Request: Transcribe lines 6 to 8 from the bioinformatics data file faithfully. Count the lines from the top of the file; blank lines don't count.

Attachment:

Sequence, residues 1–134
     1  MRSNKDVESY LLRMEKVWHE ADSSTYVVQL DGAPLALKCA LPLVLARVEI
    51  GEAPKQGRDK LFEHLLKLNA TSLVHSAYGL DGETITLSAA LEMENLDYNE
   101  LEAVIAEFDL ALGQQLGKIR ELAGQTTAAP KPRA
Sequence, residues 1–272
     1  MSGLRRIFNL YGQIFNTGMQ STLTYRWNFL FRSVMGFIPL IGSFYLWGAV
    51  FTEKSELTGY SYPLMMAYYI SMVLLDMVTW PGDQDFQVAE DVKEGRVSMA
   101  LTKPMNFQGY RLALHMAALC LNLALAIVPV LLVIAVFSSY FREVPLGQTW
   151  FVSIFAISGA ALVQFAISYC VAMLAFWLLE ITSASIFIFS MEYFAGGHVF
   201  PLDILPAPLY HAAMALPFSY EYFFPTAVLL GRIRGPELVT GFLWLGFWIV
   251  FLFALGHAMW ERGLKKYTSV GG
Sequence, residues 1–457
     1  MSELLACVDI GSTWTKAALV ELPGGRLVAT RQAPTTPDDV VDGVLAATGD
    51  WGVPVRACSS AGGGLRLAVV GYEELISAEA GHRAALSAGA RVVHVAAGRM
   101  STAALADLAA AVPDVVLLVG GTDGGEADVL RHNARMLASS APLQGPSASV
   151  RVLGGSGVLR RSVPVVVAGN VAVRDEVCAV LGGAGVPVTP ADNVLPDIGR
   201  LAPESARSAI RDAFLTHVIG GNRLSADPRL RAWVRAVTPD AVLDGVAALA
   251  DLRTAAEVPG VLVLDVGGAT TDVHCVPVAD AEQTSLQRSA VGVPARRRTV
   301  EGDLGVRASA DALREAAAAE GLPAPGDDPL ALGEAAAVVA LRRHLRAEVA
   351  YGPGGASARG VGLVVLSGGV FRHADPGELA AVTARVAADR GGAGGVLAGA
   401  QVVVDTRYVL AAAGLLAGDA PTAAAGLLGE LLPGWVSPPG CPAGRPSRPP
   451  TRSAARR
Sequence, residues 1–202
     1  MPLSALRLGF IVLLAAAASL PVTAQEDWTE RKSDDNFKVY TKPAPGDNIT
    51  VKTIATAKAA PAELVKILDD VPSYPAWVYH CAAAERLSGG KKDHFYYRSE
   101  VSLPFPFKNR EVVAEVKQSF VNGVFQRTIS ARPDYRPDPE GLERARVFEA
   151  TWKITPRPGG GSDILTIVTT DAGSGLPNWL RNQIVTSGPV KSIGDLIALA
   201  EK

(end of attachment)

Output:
     1  MSGLRRIFNL YGQIFNTGMQ STLTYRWNFL FRSVMGFIPL IGSFYLWGAV
    51  FTEKSELTGY SYPLMMAYYI SMVLLDMVTW PGDQDFQVAE DVKEGRVSMA
   101  LTKPMNFQGY RLALHMAALC LNLALAIVPV LLVIAVFSSY FREVPLGQTW